Will Canadians Receive Lifetime Bans From The U.S. For Legal Cannabis Use?

Written by Cassidy Patnoe, Law Clerk at Gleam Law, PLLC.

Canadians entering the United States may be looking at a lifetime ban if they admit to having smoked marijuana. Border agents have always had broad agency to deny entry to individuals crossing the United States/Canadian border and often ask travelers about their behaviors. According to the Department of Homeland Security (DHS), “a crime involving moral turpitude” may be grounds to deny entry to the U.S. Because marijuana remains federally illegal, Canadians who have used marijuana in the past year are able to be classified as drug abusers. Drug abuse may warrant a lifetime ban on entry into the U.S.

Bans on travelers for their past behaviors are not a new phenomenon. As Canada gears up to legalize marijuana for recreational purposes, the DHS is poised to increase their scrutiny of Canadian travelers. Canadian Public Safety Minister Ralph Goodale calls the interrogation of Canadians at the U.S. border over personal pot use a “ridiculous situation.” But, ridiculous or not, prior usage of marijuana can land individuals on a no-entry list. “If you’re crossing the border you’d be well advised to be forthright and honest in answering the questions of border officers…” Goodale recommends. “It is obviously critical to respect the border rules of the other country.”

Blacklisted Canadians who still wish to visit the United States can apply for an inadmissibility waiver, but each waiver costs $585 USD, can take up to a year to process, and are only valid for one, two, or five years. Furthermore, if the applicant is denied, they do not get their application fee back. An expensive and, if successful, temporary solution is not appealing and has led many Canadians to give up on visiting altogether. With a recent poll indicating that over a quarter of Canadians intend to use marijuana products after legalization, the number of “marijuana abusers” potentially facing a travel ban is going to rise sharply.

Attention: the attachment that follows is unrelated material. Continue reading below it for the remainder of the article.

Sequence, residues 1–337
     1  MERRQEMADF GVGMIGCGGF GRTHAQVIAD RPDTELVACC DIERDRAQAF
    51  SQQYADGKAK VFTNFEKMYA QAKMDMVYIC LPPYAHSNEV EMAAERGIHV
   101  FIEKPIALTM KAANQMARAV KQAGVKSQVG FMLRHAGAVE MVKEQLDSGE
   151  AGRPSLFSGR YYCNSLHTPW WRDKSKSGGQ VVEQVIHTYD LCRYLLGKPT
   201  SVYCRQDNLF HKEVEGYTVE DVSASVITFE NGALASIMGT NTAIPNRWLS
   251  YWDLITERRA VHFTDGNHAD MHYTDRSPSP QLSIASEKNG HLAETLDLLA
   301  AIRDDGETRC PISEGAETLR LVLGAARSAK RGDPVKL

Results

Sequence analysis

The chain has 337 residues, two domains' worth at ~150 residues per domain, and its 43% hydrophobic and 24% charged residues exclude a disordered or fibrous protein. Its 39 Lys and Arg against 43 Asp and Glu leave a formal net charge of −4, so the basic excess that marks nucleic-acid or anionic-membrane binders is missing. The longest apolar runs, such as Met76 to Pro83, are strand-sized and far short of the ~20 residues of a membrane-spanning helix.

When legal purchases begin in Canada, the amount of user data that will be collected is likely to be enormous. Data linked to individuals, such as delivery addresses or credit card numbers, may end up in the hands of DHS and border agents, which could leave travelers in a tough spot: admit to the use of marijuana or lie, both of which are grounds to bar them from entry. As non-U.S. persons, Canadians are not afforded the protections of the fourth amendment. With this lack of protection and the wide reach of the PATRIOT Act, there is little to stop U.S. law enforcement from gathering and utilizing this data.

Nova Scotia intends to enter marijuana purchases into a centralized system that also tracks alcohol purchases. This essentially makes marijuana purchases indistinguishable from alcohol and may go a long way to keep Canadians’ data safe. However, other provinces have yet to decide how to handle credit card transactions or are leaving marijuana sales to private-sector retailers, which leaves the question of where the data will be stored unanswered.

Without any official statement or policy decision from the United States, it’s challenging to know how to approach the border. While the government of Canada has officially endorsed being truthful and cooperative, private citizens who have been detained and questioned for hours or banned from entry into the U.S. altogether often advocate for outright denial if questioned about past marijuana usage. Legally, the answer is unclear, but ultimately, some argue the correct answer might be not to say anything at all. Testifying in front of the Canadian Senate, immigration lawyer Len Saunders encouraged travelers to assert that any question about marijuana usage is “not a question [they] are bound to answer.” While refusal to answer the marijuana question may result in a denial to enter the U.S., it’s far less likely to result in a life-long ban.